UK minister for building pylons loses role after campaigning against them

The UK minister responsible for the building of new pylons has been quietly reshuffled after it emerged he had campaigned against the structures in his own constituency.

The energy minister Andrew Bowie had been in charge of energy networks, including building pylons, since he took up his post in February 2023.

In July he wrote on the blog he runs for constituents in West Aberdeen that concerns among locals about new pylons were “a priority of mine”. He met local anti-pylon campaigners on multiple occasions.

In December the brief was passed to the climate minister Graham Stuart. No announcement was made but a change has been made on the government website.

A freedom of information request by Politico found that Bowie raised potential conflicts of interest under the ministerial code, recording “a large number of energy companies and organisations working in or on behalf of the energy sector within the minister’s constituency and surrounding constituencies”.

There has been a growing campaign by some Conservative MPs against expanding the National Grid, which needs to happen if enough electricity is to be supplied to UK homes and businesses while allowing for growth and decarbonisation. The MPs say pylons are unsightly.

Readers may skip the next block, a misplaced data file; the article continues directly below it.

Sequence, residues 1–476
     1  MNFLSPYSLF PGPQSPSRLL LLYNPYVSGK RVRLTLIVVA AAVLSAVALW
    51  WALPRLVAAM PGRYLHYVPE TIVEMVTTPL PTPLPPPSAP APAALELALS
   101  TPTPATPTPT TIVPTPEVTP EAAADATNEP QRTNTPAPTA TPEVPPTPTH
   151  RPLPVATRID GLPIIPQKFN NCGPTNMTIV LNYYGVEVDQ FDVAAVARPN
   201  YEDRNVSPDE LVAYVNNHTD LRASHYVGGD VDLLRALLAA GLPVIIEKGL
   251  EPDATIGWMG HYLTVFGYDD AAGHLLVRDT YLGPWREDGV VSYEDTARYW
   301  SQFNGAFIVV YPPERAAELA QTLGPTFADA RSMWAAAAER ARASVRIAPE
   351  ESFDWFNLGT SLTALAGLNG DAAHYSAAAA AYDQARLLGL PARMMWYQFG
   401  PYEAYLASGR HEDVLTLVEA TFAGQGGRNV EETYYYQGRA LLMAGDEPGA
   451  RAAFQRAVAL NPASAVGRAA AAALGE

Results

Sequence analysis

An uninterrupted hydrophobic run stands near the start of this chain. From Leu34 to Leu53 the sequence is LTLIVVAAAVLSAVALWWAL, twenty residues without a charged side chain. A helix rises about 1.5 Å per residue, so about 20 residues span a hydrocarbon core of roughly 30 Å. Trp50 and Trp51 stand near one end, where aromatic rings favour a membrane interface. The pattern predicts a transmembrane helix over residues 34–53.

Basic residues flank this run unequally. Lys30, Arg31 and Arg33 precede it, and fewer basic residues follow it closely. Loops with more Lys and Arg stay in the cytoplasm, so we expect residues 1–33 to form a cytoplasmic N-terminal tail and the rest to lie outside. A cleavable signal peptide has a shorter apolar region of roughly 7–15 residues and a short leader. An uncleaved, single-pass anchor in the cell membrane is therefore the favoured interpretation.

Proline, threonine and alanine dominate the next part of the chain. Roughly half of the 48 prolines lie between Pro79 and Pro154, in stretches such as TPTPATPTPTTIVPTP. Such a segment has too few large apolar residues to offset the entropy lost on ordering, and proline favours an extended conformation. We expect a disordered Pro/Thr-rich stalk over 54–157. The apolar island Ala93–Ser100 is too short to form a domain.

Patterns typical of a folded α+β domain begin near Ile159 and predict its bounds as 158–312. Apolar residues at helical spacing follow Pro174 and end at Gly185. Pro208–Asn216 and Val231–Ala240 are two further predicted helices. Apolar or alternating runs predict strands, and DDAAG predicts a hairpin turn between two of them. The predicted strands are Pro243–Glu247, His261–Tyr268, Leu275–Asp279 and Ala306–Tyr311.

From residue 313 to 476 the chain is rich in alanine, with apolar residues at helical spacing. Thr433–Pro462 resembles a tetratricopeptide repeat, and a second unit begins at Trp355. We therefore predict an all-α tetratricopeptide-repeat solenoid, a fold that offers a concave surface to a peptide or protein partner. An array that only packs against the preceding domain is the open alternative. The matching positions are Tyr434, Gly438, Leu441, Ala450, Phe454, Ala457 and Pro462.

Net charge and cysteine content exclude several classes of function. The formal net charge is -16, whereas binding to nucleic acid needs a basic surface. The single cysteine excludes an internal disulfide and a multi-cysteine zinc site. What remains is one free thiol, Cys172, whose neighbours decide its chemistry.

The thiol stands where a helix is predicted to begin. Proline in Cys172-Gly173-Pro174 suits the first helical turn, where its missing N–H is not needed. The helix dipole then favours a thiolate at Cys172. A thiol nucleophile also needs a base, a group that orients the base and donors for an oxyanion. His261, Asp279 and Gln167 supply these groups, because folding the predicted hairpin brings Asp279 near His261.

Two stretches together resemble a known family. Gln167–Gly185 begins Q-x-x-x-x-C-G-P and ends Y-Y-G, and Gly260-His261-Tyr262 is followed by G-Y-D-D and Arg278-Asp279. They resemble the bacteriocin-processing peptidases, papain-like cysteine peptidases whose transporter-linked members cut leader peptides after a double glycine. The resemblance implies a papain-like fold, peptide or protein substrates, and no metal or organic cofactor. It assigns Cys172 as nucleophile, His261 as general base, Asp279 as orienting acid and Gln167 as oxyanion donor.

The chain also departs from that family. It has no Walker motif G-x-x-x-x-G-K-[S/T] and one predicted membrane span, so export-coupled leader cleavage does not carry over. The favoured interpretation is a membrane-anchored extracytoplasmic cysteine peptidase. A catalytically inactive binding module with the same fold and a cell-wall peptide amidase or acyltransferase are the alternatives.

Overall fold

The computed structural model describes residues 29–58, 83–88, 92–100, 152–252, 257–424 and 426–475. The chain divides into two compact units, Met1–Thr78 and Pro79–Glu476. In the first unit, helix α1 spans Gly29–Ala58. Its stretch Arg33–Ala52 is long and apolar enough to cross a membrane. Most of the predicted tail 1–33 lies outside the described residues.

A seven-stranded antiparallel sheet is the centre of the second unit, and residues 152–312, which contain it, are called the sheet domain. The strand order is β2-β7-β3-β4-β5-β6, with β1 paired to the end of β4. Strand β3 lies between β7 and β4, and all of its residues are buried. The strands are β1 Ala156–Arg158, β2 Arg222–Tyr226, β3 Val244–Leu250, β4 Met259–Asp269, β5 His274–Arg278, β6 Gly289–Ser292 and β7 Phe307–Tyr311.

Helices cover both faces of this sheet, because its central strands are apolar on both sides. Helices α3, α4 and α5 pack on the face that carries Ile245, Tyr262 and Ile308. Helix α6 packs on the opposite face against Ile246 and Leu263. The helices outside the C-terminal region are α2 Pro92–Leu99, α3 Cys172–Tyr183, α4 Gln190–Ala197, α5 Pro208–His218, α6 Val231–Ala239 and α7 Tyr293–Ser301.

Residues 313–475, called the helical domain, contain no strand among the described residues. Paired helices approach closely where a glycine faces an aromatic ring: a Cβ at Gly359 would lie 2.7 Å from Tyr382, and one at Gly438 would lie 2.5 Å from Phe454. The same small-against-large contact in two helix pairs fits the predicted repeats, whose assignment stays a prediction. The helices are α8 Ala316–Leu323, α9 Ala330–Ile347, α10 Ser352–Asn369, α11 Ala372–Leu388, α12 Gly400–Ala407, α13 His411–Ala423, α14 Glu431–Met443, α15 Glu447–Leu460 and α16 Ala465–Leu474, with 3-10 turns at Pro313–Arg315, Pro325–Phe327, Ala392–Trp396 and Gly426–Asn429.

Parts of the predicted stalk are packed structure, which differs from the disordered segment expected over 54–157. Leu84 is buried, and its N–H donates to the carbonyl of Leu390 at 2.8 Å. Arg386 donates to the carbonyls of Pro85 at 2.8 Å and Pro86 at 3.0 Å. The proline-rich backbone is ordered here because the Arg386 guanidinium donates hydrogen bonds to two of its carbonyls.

The Offshore Electricity Grid Task Force is made up of 14 MPs who are campaigning against pylons. Its members include the former secretaries of state Priti Patel, Kemi Badenoch and Thérèse Coffey.

Patel brought their case to parliament in November, asking why the pylons could not be built in the sea. She demanded that ministers opt to “build an offshore grid” and “pull the plug on these awful pylons”.

The energy secretary, Claire Coutinho, has said expanding the grid could be a politically thorny topic, commenting last year: “Of course, it’s a difficult conversation when you tell people that things are going to be built near them.”

Experts have said more pylons would bring down energy bills, allow for renewable energy sources to be connected to homes and mean businesses can set up in more areas.

Simon Cran-McGreehin, the head of analysis at the Energy and Climate Intelligence Unit, said an offshore grid without onshore pylons made no sense.

He said: “The proposed grid investments already include coordinated undersea cables to connect up the UK’s vast offshore wind potential, but at some point those lines have to come onshore to reach customers, otherwise it’s like a ring road without any routes into town.”

The Department for Energy Security and Net Zero declined to comment on the basis it does not comment on ministerial reappointments.


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